The focus on the patient is experienced on multiple levels throughout the CCD. With a typical size of 342 square feet (including bathrooms), all 240 private patient rooms can comfortably accommodate multiple family members. “We want the family to be around our patients,” McMann says. “We want them to feel at home.” Larger 528-square-foot patient room suites feature a separate family area with its own TV and storage space. Patient rooms also have expansive cantilevered windows with mirrored glass corners that, according to Cliggott, “create drama and make the space feel that much larger.”

Window views, again, are the chief “decorative elements” in the patient rooms, and the space is warmed by maple woodwork and colored wall panels. There is little variation in flooring on the patient units and wayfinding is pretty much limited to signage—“more directional than decorative,” Lin says. An art program is in the works, but the size of the building may prove to be a challenge with its long corridors and vast wall space.

Privacy was also a design priority in the patient rooms, as was expanding the visual connectivity between patients and nurses by placing decentralized nurses’ stations between rooms. Despite the large floor plate, waiting areas close to patient rooms and nurses’ stations are easily accessed from the main elevators. Patient units, which are organized around a racetrack design, are accessed off a long central corridor that runs almost the entire width of the building.

“The nice aspect of the racetrack layout is that the units can flex in size over time,” Lockwood says. “We still have these four main front doors but can operate as a 24- or 48-bed unit.”

In addition, the CCD has a ma
ssive green roof and hopes to achieve a LEED Silver designation. An onsite underground storm water detention basin holds 250,000 gallons of water. Among other sustainable features are LED fixtures in operating rooms, high-performance exterior cladding, high recycled content in materials, and low-flush toilets.

Raising the bar
Open only since February, the CCD has raised the bar for an institution known as both a world class research institute and a neighborhood healthcare provider, replacing the 30-year-old Mitchell Hospital that could no longer accommodate changing technology and new care delivery models. According to Cliggot, the building design is also “raising the bar in the ways staff are able to work efficiently behind the scenes to provide a superior level of care.” The large floor plates provide opportunities for horizontal adjacencies, rather than relying on more inefficient vertical circulation. The large, comfortable waiting spaces, access to natural daylight and views, big patient rooms, and decentralized nurses’ stations are features that were missing in the old  facility (which is still being used for some services). Although there are no plans to measure outcomes directly related to design features, Cliggot says that “the real proof of the built environment’s impact will be over the lifespan of the facility, as it continues to adapt for new technologies and treatments.”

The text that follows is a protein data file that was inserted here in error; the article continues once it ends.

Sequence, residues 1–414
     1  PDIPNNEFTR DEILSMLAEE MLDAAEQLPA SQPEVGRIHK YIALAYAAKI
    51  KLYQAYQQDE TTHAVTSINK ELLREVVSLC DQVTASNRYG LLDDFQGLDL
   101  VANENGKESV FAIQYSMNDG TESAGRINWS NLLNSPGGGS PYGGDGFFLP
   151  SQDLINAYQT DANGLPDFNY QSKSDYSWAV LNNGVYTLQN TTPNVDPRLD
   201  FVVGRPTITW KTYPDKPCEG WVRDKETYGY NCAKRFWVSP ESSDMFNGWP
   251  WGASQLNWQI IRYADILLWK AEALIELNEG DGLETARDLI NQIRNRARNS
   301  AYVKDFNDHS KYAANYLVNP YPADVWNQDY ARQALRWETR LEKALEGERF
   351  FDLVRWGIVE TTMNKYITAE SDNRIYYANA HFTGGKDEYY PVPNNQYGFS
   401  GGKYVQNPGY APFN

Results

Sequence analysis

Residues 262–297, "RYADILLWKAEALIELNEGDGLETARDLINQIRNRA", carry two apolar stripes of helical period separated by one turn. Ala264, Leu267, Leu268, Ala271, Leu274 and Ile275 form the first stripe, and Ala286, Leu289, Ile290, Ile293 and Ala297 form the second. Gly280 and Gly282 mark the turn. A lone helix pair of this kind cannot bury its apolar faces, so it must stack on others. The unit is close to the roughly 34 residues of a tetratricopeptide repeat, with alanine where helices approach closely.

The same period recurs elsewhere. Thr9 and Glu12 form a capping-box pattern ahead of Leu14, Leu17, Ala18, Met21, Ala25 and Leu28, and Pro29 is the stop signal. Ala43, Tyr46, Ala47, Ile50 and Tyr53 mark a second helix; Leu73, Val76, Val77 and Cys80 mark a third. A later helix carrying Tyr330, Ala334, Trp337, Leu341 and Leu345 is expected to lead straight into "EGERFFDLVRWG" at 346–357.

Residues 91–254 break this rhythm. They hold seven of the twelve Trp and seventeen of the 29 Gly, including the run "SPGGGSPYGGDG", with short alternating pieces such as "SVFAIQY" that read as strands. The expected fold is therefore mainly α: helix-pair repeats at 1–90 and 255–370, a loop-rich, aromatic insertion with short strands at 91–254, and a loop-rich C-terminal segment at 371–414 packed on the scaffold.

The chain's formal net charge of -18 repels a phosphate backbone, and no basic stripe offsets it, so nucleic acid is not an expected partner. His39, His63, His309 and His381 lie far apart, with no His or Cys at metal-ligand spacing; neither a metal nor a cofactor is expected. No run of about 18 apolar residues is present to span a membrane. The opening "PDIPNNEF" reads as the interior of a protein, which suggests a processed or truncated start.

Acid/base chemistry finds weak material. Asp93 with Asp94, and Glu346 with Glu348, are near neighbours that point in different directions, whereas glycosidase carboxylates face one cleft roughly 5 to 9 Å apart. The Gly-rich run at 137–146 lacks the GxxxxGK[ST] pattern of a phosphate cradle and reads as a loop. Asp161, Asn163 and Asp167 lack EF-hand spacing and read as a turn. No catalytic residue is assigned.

Breaking it down
The 102,000–square-foot floor plates created by bridging over Maryland Avenue allow the identical floors of University of Chicago’s Center for Care and Discovery to be configured for a wide range of programs, such as procedure suites and inpatient nursing units. They also allow, for example, accommodation of all 28 new surgical operating rooms of multiple types and a shared prep/recovery area organized horizontally on a single level for maximum connectivity and operational efficiency.

On each nursing floor, 80 inpatient bedrooms are contiguously arranged and can be flexibly subdivided into changing ratios between acute care versus intensive care beds, and changing numbers of beds per nursing units.

Public spaces in the center are created within an intelligent stacking of its programs in each section. Maryland Avenue lobbies and the sky lobby are sandwiched between clinical floors. Patients and visitors first travel from lobbies on both sides of drop-off to the sky lobby—centralized reception, check-in, waiting, and public amenities are located on this level.

Elevator access up to nursing floors on levels 8-10 and down to procedure floors on levels 5 and 6 are made from the sky lobby, minimizing travel times between the waiting areas to the destinations. Separation of flows between floors are maintained by dedicated elevators for the public, patients, physicians, staff, and materials. Spaces on Levels 2-4 are reserved for future expansion.

Green in the center
Here’s an inside look at the sustainable design features included at the Center for Care and Discovery:

  • Extensive green roofs
  • LED fixtures in operating rooms
  • Lighting controls/occupancy sensors throughout
  • Energy recapture on elevators
  • High-performance exterior cladding
  • High recycled content in materials
  • Low VOC in all paints and sealers
  • Low-flush toilets
  • Local and regional materials
  • Connectivity to multiple forms of public transit
  • Heat recovery on chillers
  • Recycling during both construction and operations.


Sara O. Marberry, EDAC, is a contributing editor for Healthcare Design. She is a writer, blogger, speaker, and strategic marketing and business consultant in Evanston, Ill., and the former executive vice president of The Center for Health Design. She can be reached at

For a source list relating to this project, see University Of Chicago's Center for Care and Discovery: Project Breakdown.